Castello di Conversano
Castle was built by Normans around 1054, as pure purpose of a defensive fortress, and became residence of Acquaviva Counts. It was built on ancient megalithic walls dating from the sixth to fourth centuries BC, still visible at the base of the main tower, the only survivor. It has a trapezoidal shape, with the four corners originally occupied by the towers, facing cardinal points. Since the fifteenth century Acquaviva family transformed ancient fortress into a princely residence and consolidated some defensive elements, including cylindrical tower, now become symbol of Conversano. By the presence of the battlements the tower was rebuilt in a later age. Polygonal one was built by Andrea Matteo Acquaviva, Giulio Antonio's son, with the characteristic shoe shape and slightly inclined walls to muffle artillery attacks. On the terrace there is a battlement suits mouths of cannons, while the narrow slits along the sides of the polygon allowed the placement of ammunition. Today the tower is partially buried, but was once surrounded by a moat. Date back to the nineteenth windows and balconies of the facade on Castle Square. Castle houses inside Civic Art Gallery, where they are exposed canvases of the cycle "La Gerusalemme Liberata", by Finoglio. On the second floor there is Art Gallery Francesco Netti and exhibition of historical clothing titled "Wedding at the Castle".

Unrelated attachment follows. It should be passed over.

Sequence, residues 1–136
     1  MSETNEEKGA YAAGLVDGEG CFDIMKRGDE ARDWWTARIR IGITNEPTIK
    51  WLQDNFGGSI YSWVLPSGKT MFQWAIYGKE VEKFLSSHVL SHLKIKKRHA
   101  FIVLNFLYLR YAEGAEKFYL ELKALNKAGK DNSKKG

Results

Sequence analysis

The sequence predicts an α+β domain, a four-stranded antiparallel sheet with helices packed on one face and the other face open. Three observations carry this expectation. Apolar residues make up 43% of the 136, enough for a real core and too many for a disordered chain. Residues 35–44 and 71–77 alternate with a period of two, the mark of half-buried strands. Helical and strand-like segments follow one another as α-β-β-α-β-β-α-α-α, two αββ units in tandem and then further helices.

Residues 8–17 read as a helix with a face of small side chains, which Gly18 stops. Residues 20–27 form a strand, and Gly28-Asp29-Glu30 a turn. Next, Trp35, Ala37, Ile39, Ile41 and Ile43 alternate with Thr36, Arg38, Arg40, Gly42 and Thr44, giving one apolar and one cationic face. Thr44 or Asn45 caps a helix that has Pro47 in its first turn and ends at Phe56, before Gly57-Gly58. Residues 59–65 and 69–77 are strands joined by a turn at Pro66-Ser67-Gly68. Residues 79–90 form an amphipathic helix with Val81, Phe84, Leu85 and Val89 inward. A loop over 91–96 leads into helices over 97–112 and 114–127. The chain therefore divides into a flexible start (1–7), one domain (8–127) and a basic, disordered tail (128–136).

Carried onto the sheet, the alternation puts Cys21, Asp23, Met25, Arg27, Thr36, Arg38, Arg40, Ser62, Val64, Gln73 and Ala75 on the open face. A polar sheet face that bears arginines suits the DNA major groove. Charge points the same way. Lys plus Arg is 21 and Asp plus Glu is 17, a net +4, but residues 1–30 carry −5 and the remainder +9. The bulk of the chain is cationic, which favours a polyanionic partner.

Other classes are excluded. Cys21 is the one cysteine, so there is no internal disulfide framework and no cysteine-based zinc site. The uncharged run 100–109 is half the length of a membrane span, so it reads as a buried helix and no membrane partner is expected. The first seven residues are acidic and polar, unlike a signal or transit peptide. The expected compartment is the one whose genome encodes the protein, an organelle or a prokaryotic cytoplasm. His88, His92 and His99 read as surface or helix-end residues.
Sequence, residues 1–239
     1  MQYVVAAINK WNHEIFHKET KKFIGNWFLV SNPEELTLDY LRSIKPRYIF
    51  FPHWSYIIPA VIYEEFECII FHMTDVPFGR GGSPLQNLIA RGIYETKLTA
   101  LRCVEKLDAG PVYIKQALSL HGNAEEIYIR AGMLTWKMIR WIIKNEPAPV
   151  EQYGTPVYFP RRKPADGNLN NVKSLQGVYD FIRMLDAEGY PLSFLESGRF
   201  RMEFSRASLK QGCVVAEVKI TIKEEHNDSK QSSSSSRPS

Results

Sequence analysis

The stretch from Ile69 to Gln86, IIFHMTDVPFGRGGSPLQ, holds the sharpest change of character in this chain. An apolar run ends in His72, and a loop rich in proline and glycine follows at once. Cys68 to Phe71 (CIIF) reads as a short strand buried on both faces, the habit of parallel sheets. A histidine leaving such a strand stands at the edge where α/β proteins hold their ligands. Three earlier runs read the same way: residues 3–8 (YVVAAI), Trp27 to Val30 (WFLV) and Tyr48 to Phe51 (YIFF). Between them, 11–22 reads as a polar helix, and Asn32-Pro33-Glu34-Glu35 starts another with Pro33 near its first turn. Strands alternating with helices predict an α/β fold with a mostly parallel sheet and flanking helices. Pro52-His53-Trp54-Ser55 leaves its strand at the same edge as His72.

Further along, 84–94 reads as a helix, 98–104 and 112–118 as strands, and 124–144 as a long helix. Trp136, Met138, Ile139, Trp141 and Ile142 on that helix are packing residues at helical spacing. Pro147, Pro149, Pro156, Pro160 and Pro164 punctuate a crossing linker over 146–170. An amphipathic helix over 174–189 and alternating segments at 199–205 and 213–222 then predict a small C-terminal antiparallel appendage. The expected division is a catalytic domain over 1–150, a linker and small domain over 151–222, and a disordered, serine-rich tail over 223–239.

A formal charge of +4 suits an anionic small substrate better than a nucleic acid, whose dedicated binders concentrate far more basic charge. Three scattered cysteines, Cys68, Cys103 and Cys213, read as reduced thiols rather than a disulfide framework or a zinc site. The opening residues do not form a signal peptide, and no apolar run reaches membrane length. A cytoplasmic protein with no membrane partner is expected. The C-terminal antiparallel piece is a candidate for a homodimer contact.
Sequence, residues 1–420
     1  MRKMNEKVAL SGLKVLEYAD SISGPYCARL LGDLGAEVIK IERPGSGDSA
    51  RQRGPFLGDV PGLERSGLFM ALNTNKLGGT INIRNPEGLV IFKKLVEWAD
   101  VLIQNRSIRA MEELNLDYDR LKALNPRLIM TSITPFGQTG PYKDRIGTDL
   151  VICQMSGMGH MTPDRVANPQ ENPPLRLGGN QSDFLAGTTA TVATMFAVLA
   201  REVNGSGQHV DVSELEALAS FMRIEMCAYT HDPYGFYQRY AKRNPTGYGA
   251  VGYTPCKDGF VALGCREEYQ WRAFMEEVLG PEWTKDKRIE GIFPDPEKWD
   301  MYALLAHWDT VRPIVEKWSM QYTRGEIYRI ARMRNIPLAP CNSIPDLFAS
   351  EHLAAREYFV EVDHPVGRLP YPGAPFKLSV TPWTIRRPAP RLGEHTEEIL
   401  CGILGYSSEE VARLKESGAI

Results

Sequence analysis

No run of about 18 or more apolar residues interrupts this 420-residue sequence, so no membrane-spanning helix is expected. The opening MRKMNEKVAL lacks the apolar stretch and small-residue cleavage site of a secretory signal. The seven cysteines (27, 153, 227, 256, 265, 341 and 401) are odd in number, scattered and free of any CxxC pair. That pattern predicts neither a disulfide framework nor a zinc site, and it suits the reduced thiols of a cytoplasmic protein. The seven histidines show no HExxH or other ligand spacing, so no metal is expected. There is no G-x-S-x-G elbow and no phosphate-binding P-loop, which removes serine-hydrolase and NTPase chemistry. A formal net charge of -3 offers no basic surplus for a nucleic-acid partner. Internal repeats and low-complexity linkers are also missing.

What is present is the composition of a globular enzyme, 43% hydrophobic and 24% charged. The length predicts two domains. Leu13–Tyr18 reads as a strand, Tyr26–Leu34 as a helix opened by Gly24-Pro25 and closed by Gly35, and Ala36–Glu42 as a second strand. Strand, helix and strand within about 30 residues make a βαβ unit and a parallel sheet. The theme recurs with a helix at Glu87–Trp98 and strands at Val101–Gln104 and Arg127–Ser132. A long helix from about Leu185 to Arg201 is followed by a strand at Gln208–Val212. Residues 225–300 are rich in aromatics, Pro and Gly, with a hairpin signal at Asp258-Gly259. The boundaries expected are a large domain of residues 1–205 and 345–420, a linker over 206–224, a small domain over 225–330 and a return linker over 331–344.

Tue-Sun 9:00 am 1:00 pm; 4:00/8:00 pm